Penned by the Mighty James R. Riffel
These days, I pretty much limit my music listening to two acts—The Beatles and Pat Metheny. Couldn’t be more opposite, huh? Classic vs. current, rock and pop vs. jazz, short vocally-based tunes vs. long and complicated instrumentals, most popular group ever vs. someone you’ve probably never heard of.
They have similarities, however, that can be applied to our writing and help make us better. Both broke and, in Metheny’s case, continue to break, new ground with every album. From “Meet The Beatles” pop to the thematic “Sgt. Pepper’s” to the revolutionary-toned White Album and on, everything The Beatles did was new and different. They broke more molds than concrete flooring.
Metheny is the same way, from “American Garage” when he applied the teen garage band sound to the jazz format, to the sweeping “The Way Up” and his one-man show “Orchestrion,” every album is a totally new experience.
Does your work in progress break the mold? If you have completed multiple stories, does each one offer the reader a new experience or, as is the case with many writers, does it seem like the same book written over and over?
These questions come with a major mitigating factor. The Beatles had a harmonious sound that made them unique, whether it was “Help” or “Let it Be.” Metheny’s guitar picking is so distinctive that, once you’re acquainted with him, you can always pick out one of his tunes if you hear it somewhere.
So, while you break the mold and offer readers new experiences, you also have to be true to yourself. Readers want to read one of your books because they liked your style from having read you before. Quite a balancing act, huh, but the greats pull it off.
Here are some examples of how The Beatles can improve our writing. Once they broke away from the teen-pop sound of their early albums and explored their creative talents, they were great at using tone to back up their lyrics. The driving, hard-edged guitar backing (for them, at least) placed us in the right frame of mind for “Revolution.” The instruments on “When I’m Sixty-Four” are appropriately jaunty for a novelty song, but the mood carries a somber undertone in a couple of spots to reflect the reality of our aging.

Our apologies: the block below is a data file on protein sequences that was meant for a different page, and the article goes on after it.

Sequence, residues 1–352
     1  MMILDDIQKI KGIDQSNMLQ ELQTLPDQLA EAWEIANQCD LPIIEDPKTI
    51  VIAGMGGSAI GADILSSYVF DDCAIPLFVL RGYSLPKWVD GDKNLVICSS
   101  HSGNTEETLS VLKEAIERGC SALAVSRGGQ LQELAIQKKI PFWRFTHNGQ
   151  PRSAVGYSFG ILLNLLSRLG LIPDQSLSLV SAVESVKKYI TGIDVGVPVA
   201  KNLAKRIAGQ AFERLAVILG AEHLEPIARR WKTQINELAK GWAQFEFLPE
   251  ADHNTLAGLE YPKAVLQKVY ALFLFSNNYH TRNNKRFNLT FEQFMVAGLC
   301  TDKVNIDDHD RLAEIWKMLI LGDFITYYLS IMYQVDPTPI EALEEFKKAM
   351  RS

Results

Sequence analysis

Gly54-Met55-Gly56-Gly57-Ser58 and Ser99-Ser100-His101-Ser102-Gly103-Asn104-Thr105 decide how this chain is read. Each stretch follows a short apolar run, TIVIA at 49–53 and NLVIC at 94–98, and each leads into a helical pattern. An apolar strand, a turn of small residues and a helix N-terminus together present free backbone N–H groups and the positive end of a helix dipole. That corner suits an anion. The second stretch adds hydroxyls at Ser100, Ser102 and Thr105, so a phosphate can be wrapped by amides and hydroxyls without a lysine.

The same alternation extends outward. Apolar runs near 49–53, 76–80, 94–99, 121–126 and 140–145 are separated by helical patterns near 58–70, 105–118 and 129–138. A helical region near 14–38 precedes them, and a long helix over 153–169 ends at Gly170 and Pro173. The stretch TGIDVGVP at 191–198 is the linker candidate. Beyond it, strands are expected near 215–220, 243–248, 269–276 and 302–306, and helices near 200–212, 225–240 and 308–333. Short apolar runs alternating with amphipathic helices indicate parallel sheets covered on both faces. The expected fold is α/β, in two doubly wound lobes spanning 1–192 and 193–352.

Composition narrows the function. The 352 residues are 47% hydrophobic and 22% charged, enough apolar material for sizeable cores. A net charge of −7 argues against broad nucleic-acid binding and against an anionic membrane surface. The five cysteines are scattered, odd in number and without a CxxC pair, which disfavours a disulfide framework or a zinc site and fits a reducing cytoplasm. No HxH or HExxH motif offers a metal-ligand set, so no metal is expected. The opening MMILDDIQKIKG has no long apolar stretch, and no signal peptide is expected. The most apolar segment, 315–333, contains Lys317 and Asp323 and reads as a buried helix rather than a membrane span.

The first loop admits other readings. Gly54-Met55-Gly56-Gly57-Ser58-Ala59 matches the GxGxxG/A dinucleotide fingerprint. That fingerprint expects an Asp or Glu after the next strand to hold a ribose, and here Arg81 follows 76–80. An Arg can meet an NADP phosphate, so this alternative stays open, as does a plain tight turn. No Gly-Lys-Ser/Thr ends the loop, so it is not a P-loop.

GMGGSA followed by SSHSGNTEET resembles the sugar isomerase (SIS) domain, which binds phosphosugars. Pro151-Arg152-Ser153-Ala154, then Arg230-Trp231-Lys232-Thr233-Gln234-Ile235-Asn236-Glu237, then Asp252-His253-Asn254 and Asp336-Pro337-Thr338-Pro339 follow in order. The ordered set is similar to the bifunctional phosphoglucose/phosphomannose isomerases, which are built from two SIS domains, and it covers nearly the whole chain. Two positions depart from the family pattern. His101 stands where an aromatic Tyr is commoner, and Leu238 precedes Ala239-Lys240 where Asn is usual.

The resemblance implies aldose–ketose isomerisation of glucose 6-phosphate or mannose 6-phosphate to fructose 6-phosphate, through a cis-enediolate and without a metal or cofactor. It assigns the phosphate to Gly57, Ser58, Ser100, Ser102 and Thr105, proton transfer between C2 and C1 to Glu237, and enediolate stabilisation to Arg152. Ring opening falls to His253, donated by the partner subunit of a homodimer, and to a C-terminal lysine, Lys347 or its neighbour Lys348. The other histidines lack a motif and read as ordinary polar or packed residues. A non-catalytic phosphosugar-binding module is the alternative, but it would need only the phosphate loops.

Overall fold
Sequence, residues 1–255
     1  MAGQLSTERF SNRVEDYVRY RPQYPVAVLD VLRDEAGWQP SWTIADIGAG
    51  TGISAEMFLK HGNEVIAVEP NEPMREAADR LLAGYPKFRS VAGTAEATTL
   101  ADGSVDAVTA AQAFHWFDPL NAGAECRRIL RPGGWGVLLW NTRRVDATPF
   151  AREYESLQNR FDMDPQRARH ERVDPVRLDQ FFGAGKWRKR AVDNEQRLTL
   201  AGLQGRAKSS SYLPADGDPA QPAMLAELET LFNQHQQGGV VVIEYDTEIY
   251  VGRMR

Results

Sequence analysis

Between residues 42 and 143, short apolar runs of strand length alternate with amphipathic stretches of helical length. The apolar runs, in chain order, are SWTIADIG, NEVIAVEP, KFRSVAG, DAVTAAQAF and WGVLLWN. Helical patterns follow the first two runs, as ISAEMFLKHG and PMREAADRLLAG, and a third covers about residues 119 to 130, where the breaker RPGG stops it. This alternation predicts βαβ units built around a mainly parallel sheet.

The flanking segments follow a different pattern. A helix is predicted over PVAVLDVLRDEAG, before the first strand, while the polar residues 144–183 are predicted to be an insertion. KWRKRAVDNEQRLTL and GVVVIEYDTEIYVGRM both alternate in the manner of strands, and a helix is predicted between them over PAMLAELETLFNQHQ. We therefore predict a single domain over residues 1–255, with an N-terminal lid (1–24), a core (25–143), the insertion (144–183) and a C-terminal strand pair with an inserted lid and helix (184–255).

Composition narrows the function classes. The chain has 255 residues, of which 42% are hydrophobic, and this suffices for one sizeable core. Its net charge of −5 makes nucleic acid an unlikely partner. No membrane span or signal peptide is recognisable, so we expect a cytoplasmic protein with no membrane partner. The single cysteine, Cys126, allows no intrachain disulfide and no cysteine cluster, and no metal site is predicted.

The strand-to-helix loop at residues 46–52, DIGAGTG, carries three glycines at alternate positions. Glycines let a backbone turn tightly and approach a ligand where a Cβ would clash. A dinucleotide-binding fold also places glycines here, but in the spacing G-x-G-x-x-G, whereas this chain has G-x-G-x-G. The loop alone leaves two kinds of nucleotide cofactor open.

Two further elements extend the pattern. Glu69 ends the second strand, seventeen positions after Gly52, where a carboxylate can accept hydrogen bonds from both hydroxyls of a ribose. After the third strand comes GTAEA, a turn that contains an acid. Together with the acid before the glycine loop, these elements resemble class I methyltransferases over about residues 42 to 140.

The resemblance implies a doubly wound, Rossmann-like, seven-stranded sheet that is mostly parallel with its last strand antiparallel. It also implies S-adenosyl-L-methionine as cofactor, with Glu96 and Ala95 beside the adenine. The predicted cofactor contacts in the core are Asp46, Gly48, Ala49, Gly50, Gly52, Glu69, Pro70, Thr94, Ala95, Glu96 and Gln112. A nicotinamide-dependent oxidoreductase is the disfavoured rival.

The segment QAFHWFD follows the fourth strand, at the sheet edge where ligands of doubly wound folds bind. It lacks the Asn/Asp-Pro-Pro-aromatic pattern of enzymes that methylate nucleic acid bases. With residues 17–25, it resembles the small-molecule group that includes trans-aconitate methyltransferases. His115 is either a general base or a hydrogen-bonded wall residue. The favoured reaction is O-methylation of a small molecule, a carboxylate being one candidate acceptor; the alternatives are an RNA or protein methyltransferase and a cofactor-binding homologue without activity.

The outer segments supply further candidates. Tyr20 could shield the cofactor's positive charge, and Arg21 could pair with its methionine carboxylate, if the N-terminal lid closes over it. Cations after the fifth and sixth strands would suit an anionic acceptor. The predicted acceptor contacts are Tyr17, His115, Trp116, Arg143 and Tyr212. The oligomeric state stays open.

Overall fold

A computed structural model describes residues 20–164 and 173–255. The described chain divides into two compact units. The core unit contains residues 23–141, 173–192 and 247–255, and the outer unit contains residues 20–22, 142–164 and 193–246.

Is the mood appropriate for your WIP? When a major supporting character dies, is the reader overcome with emotion? Are we thrilled with triumph? It takes more than a few well-written lines by themselves to carry us away with your characters, just like, for The Beatles, there was more that made us fall in love with their songs than clever lyrics.
Two things stand out about Metheny, other than being a great guitarist.One, when he decides to explore an area musically, he is going to go everywhere he possibly can. If he were an archeologist, he would leave no stone unturned. The song that best captures that magic is “And Then I Knew.” Everywhere he can go within the confines of that one catchy tune, he goes. Especially in the second half of the song, there are four or five significant changes in musical structure.
I don’t suggest dramatic structure changes in your writing, but when you start a story, you open up opportunities for exploration. The reader senses that too, and wants you to take him down the various paths. As a writer, you need to sense where your opportunities are and how to take advantage of them so you don’t let the reader down.
The other thing about Metheny is he forces you to listen, because you never know what’s coming. While recording the album that included the previous song, a storm moved over the studio and a lightning bolt struck particularly close. The lightning was recorded and used to conclude a wild guitar solo in “To The End of the World.” In the concert tour for the album, the crash of the lightning never failed to get a rise out the audience, and shock those who didn’t know it was coming.
A more subtle example is in the love theme for some artsy Italian movie called “Cinema Paradiso,” for which Metheny composed and performed the soundtrack music. Around the 1:50 point in this song, he goes off in an entirely different direction. It works musically, but it also forces you to sit up and pay attention.
Can you make your reader sit up and say, “Whoa, I didn’t expect that!” Sure you can. Now, can you do it well, like Metheny does? It can’t be contrived. In my current WIP, my main character’s first career choice stalls, so he also goes off in another direction. Members of my critique group were flustered, not impressed — and not the reaction I wanted. I didn’t pull it off well and have since been working on improving the set up so when the change comes, it will be interesting to readers and surprising in a good way.
The Beatles and Pat Metheny are my examples, but there can be many others, from the virtuosity of classical to the raw anger of street rap. The elements that make up their excellence can be captured and applied to writing.